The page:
CATSKILL — A reward is being offered for information leading to the arrest and prosecution of the person responsible for allegedly abandoning a dog in Cairo last year.
The Labrador/Staffordshire terrier mix, who was given the name Nathan by the Columbia-Greene Humane Society, had to be euthanized after he was diagnosed with terminal kidney failure related to Lyme disease, said Ron Perez, president and CEO of the Columbia-Greene Humane Society.
Hyer Ground Rescue, based in Catskill, is offering a $1,000 reward in the case, said Jamie Hyer-Mitchell, the organization’s founder.
“This is a horrendous case of neglect and abandonment and someone needs to be held responsible,” Hyer-Mitchell said.
On Jan. 18, a homeowner found Nathan seeking shelter in a shed on Warren Stein Road in Cairo, trying to keep warm.
Based on his condition when he was found, the dog suffered from malnutrition and dehydration for many months and was 20 pounds underweight. His examination placed him at a “2” on the Nestle Purina Body Condition System for canines, which is seriously emaciated, Perez said.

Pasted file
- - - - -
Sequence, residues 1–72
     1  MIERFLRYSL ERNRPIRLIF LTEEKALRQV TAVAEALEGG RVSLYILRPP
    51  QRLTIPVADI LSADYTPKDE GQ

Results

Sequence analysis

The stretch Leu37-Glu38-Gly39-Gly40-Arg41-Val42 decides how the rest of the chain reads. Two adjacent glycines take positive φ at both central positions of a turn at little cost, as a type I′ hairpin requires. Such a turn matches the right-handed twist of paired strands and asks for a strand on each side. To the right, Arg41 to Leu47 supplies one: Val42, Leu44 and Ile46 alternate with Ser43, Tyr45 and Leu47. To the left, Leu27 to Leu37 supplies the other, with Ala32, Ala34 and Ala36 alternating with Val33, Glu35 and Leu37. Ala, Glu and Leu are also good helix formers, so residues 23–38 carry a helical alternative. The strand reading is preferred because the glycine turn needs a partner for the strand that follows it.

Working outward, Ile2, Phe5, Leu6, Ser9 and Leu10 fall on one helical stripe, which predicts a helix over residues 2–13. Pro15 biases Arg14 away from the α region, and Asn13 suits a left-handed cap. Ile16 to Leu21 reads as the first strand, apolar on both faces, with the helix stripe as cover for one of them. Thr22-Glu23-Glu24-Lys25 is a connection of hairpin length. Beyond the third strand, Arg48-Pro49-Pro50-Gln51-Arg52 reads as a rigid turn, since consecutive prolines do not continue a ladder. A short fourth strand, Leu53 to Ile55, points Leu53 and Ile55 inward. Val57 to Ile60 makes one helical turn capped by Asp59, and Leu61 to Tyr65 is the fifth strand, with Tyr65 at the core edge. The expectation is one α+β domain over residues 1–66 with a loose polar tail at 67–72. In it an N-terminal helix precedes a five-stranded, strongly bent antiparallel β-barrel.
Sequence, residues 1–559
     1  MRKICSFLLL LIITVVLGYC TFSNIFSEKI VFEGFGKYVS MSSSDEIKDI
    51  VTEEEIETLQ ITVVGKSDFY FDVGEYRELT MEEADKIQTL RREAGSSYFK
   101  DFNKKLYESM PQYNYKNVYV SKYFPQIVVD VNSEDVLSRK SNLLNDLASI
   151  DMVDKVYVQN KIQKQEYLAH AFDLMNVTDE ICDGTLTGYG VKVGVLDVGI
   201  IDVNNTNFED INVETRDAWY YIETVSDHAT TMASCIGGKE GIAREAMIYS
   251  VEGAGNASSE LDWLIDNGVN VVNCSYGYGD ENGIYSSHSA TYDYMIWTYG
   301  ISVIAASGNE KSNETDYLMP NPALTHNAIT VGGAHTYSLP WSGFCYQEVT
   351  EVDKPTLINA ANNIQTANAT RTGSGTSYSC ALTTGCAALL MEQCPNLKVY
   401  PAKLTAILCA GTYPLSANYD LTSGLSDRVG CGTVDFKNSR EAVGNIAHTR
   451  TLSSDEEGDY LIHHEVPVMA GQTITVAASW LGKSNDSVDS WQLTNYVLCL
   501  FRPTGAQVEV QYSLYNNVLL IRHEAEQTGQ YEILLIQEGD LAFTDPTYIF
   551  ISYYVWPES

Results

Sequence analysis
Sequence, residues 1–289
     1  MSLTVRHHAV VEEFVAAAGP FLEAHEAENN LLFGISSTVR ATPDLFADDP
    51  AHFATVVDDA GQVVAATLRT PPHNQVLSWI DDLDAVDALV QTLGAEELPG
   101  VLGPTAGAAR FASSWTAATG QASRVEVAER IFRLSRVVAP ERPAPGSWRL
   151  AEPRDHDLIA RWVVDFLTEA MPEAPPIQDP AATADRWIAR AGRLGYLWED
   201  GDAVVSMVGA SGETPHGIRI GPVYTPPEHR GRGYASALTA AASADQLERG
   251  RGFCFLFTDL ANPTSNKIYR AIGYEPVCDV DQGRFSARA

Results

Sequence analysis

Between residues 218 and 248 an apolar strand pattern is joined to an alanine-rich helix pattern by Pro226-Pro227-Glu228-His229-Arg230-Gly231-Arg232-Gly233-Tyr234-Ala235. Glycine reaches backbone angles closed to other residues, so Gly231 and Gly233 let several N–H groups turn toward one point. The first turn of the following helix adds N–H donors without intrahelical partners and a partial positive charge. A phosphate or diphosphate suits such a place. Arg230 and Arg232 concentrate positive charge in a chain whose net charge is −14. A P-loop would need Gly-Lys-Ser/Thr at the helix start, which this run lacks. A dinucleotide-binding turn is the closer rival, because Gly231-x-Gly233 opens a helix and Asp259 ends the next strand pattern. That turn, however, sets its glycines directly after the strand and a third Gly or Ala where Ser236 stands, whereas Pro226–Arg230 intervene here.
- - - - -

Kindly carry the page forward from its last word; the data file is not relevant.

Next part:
Nathan may have been abandoned for several months, Perez speculated.
When Nathan first arrived at the shelter, he cowered in a corner all the time. He was later doing better and interacted with the staff and was expected to make a full recovery. But he was diagnosed Jan. 29 with terminal kidney failure related to Lyme disease associated with nephritis and had to be euthanized.
There is no recovery or treatment for Nathan’s advanced condition, which is often painful, Perez said.
“Nathan was only 1 or 2 years old. He did not have to get to the point where he was so sick he needed to be euthanized,” Hyer-Mitchell said.
Anyone with information is asked to contact the Greene County Sheriff’s Office at 518-943-3300. Nathan was the name the CGHS/SPCA gave him to give this pup dignity. This may not be the name the owner gave him, Hyer-Mitchell said.
Nathan’s owner, if found, could face charges of failure to provide sustenance, abandonment of animals in public and animal cruelty, all misdemeanors, Perez said.
Hyer Ground Rescue’s mission is to educate the public in identifying abuse or neglect of other sentient beings in order to improve the moral thread that binds our community as one, Hyer-Mitchell said. They were granted approval as a non-profit organization by New York state in April 2020 and serve the entire area.
Hyer-Mitchell has been an animal lover her entire life, she said.